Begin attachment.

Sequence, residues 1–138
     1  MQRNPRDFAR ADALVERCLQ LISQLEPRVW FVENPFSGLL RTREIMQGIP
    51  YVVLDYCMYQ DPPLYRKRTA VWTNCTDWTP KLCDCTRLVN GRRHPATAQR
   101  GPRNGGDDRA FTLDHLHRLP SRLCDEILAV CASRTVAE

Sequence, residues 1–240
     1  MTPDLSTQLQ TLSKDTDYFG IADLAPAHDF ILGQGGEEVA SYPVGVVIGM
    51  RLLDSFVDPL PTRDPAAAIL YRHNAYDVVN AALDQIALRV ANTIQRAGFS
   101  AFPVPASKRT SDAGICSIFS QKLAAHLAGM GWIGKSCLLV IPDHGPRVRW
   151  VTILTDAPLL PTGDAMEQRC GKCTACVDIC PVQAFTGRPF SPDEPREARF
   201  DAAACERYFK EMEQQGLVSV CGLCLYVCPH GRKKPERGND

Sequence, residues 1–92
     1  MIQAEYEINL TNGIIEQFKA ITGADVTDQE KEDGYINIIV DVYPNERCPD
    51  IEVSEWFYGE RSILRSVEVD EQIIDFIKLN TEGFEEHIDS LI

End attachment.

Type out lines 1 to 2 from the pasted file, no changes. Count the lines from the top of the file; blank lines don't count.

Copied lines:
Sequence, residues 1–138
     1  MQRNPRDFAR ADALVERCLQ LISQLEPRVW FVENPFSGLL RTREIMQGIP